60 AUGUST 30 - SEPTEMBER 5, 2014 BUSINESS, MARKETS AND FINANCIAL ANALYSIS THE MARKET WHISPERER EQUITY MARKETS (WEEKLY CHANGE IN BENCHMARK INDEX) NSE 20 Share Index Kenya 5,139.39 2.21% (CUMULATIVE MOVEMENT) DSE All Share Index Tanzania 2,417.52 0.29% USE All Share Index Uganda 1,760.00 0.23% RSE All Share Index Rwanda 143.20 -0.15% JSE All Share Index South Africa 50,922.38 -1.00% NGSE All Share Index Nigeria 41,532.33 0.00% ture to Eaton Towers Ltd in a $181 million deal, the largest acquisition in East Africa this year. Under the terms of the Ai≥tel, Eaton in $181m towe≥s deal A ETL is majority owned by irtel Uganda is to sell part of its infrastruc- Capital International, a private equity fund, with an 86.9 per cent stake, while ADP I Holding owns 10 per cent. The Eaton management owns three per cent of the company. deal, Eaton will buy 576 towers from Airtel Uganda and immediately rent them out to the mobile operator. Eaton is also expected to operate and maintain the towers. To finance the deal, Ea- ton is expected to borrow some $18 million from the IFC, restructure its debt and increase borrowing from its senior lenders by $36 million. “Eaton has agreed to ac- quire 576 existing tower sites from Airtel Uganda, which will bring the total number of Eaton towers in Uganda to 1,291. This will help the company to expand its network in Uganda and is expected to increase its profitability,” said the IFC in disclosures posted on its website. Eaton will buy 576 towers from Airtel Uganda and immediately rent them out to the mobile operator. Over the past few years, mobile operators across Africa have been relinquishing either the ownership or control of their towers across the continent as they look at ways of cutting costs as well as freeing tied up capital to invest in new areas. The need to outsource tower operations is amplified by falling voice revenues amid increased competition from newer business models such as mobile virtual network op- erators. Tower operators, using the economies of scale from operating multiple towers, are also able to help mobile companies share masts, lowering their cost of doing business. Normally, in areas with multiple towers, it is estimated that erecting a single tower can cost an average of $250,000. Consulting firm KPMG estimates that leasing towers from third parties can help mobile operators cut their tower operation costs by as much as 20 per cent. Last year, France Tele- com sold 2,000 mobile towers across Côte d’Ivoire and Cameroon to IHS Holding Ltd, the Africa-focused infrastructure group. In 2012, the company also bought some 1,800 towers in the two countries from MTN, the South African-listed telecoms group, for $180 million. Etisalat Nigeria, another A telecommunications tower in Tanzania. Eaton plans to acquire 576 tower sites from Airtel Uganda, bringing its total number of towers in the country to 1,291. Picture: File major operator, last week also announced the sales of 2,136 of its towers to IHS. T≥ouble b≥ewing fo≥ Rwandan bee≥ make≥ RWANDAN BREWER Skol is back to the drawing board three months after launching its products in the Ugandan market. The brewer, which concedes the market has proved tough, says incumbents Nile and Uganda Breweries that control 99 per cent of Uganda’s beer market, responded to its entry by giving huge discounts and other incentives to bar owners to keep out its brands. “There are markets we normally go to and penetrate with ease, but Uganda is not one of them. The beer market here is very competitive and the big producers give a lot of discounts, goodies, and other incentives to bar owners to sell their brands,” Alex Muganwa, a director at Skol, told The EastAfrican. Skol introduced two of its brands — Skol and Virunga Mist — to the Ugandan market in June this year, as it sought to tap into the regional beer market, but its visibility has remained minimal. Mr Muganwa said that Skol is also facing a shortage of bottles because of the need to truck empties back to Rwanda for refilling, which has slowed down Skol’s penetration of the Ugandan market. The firm now plans to carry out marketing campaigns in Uganda in the next three months starting September to raise its brands’ visibility. Skol’s search for new markets in the region came at a time when Rwanda’s revenue from beer exports to the DR Congo was expected to tumble following the introduction of new taxes by the latter to protect its local industry. Skol has invested over $15 mil- lion in its brewery, including purchasing equipment and packaging for capacity expansion and tripling its production to 300,000 hectolitres. The demand for beer in Rwanda is estimated at 1.2 million hectolitres annually. Bienfait Bitenyo, a director at Skol, said the firm currently accounts for 15 per cent of the Rwandan beer market, with the rest largely dominated by Bralirwa. Uganda’s UBL and NBL produce a combined 3.85 million hectolitres per annum of beer, with the latter accounting for more than half of this figure from its plants in Jinja and Mbarara, which produce 2.45 hectolitres annually. Skol Brewery, formally known as Brasserie des Mille Collines (BMC), is a subsidiary of Belgian beer maker Unibra. Published at Nation Centre, Kimathi Street, and Printed at Mombasa Road, Nairobi by Nation Media Group, Box 49010, GPO Nairobi, 00100. Registered at the GPO as a newspaper. Nairobi Office, Tel: 3288000, 211448, 337710, Fax 214531, 213936. Dar es Salaam Office. Tel: 2119657/8. Kampala Office, Tel: 232771, 232772. Fax 232781 Download free QR Readers from the web and scan this QR (Quick Response) code with your smart phone for pictures, videos and more stories Qata≥’s inte≥est in Kenya deepens KENYA IS seeking to deepen its relationship with Qatar. Last week, officials from the Gulf country were in Nairobi reciprocating a visit by President Uhuru Kenyatta. Sources familiar with discussions say the Qataris expressed interest in the energy and real estate sectors, although the government is said to have presented opportunities in the Lapsset project to them. Indeed, in energy, the Qa- taris are big. Early this year, the Kenya Electricity Generating Company (KenGen) said it will collaborate with Qatari firm Nebras Power to build a 500MW gas power plant in Mombasa. The Middle Eastern country has also offered to sell gas to Kenya at a concessionary price. In April, the two countries signed a double taxation agreement that was seen as crucial in making Kenya attractive to investors from Qatar. QNB Capital, owned by Qatar, was one of the banks that arranged Kenya’s maiden $2 billion sovereign bond.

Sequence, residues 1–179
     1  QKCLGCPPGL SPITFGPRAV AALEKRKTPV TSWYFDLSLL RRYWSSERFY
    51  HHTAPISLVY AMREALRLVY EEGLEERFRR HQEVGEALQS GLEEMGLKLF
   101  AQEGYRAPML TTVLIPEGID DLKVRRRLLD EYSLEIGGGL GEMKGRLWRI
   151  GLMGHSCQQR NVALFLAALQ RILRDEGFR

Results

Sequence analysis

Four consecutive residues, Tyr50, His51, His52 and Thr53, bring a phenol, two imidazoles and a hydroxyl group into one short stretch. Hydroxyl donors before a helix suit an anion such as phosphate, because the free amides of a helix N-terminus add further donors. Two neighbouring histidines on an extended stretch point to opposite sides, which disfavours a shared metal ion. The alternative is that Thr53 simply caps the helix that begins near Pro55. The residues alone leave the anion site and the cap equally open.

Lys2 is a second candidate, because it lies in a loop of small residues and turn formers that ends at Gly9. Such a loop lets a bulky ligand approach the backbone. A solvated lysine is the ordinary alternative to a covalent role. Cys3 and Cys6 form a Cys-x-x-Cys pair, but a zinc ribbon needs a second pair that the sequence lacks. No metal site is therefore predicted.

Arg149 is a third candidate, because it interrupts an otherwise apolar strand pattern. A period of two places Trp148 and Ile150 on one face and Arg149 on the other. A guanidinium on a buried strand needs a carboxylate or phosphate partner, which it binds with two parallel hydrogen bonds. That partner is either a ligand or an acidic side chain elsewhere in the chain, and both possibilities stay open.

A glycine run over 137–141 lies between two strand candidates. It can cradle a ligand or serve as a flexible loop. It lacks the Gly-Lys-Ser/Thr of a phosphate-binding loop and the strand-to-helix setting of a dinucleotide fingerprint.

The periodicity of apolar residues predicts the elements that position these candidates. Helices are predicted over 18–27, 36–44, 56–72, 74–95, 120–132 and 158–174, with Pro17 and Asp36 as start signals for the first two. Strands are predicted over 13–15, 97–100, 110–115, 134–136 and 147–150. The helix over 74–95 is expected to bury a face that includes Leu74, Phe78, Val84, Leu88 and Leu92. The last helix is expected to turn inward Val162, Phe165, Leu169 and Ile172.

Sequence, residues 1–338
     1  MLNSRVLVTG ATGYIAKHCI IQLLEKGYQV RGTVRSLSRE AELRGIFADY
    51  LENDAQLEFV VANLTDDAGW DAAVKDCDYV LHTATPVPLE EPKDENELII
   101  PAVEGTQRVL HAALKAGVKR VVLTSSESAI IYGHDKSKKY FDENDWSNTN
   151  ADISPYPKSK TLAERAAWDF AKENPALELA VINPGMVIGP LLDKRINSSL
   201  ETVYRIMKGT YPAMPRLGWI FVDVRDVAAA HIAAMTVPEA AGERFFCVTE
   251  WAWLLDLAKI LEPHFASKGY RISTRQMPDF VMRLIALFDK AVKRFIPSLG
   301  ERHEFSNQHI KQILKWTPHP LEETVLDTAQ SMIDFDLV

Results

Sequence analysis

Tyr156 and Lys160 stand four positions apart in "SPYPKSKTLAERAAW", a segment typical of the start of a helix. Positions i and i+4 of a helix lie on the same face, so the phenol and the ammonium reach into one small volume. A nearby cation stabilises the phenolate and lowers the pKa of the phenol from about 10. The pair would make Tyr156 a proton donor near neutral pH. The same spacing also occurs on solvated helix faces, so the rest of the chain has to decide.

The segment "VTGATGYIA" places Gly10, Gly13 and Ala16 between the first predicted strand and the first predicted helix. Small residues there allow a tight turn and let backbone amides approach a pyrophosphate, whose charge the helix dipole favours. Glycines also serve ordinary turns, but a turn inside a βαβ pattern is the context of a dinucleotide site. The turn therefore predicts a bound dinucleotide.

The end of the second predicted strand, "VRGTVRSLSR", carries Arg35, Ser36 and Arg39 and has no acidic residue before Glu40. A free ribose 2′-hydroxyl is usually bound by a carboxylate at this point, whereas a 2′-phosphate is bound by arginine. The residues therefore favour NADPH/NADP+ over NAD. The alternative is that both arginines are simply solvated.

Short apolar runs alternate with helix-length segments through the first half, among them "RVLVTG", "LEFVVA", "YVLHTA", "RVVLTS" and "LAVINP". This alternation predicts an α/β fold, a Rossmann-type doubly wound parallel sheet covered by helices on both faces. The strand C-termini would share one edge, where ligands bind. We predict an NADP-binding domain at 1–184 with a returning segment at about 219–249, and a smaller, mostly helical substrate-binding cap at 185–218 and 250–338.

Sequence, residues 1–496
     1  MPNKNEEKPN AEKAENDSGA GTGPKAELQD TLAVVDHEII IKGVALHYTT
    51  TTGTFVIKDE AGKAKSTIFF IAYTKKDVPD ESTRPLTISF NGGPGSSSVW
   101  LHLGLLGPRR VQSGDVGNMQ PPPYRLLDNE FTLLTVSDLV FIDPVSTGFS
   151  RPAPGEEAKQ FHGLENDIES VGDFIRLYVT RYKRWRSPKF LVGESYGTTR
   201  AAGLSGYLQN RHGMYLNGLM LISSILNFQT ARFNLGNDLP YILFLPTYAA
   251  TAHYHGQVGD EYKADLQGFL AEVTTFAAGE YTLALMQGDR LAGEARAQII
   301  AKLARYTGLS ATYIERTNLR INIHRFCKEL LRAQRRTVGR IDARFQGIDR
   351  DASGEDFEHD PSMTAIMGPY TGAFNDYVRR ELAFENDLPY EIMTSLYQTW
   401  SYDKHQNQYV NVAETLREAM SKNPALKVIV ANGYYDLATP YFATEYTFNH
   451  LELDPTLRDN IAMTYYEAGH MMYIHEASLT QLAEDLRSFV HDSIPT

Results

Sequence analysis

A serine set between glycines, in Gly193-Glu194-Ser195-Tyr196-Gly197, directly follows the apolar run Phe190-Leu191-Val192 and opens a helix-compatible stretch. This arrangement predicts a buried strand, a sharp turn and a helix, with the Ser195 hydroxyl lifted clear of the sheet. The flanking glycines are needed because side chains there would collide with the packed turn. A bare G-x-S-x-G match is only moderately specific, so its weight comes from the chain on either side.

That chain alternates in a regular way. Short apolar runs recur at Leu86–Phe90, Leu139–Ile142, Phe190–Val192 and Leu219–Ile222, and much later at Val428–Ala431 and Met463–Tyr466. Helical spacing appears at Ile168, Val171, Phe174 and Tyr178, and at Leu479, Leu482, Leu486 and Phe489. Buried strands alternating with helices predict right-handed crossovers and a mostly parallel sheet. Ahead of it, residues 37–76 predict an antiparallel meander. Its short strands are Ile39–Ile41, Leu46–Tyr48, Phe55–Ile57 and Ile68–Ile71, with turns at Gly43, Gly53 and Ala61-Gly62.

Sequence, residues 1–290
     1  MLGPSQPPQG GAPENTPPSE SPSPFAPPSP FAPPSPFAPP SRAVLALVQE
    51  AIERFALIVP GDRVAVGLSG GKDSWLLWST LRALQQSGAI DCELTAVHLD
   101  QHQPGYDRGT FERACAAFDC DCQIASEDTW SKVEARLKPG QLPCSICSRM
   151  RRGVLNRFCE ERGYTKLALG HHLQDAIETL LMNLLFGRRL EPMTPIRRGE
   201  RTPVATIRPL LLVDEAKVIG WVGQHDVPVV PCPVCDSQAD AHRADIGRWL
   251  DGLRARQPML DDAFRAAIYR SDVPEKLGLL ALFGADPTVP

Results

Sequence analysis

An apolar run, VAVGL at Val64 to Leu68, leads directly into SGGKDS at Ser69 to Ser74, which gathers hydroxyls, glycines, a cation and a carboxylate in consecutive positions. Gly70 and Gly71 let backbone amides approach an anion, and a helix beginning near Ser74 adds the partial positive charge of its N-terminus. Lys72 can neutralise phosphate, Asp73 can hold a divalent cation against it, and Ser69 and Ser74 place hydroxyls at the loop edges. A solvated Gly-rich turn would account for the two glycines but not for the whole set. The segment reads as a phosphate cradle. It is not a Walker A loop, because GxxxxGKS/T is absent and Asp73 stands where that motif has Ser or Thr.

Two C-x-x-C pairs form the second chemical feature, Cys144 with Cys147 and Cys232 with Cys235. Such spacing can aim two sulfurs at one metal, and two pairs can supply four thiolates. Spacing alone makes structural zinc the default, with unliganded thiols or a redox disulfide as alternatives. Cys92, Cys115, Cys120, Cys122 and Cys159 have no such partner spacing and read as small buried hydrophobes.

Aug 25th 2014
Sep 8th 2014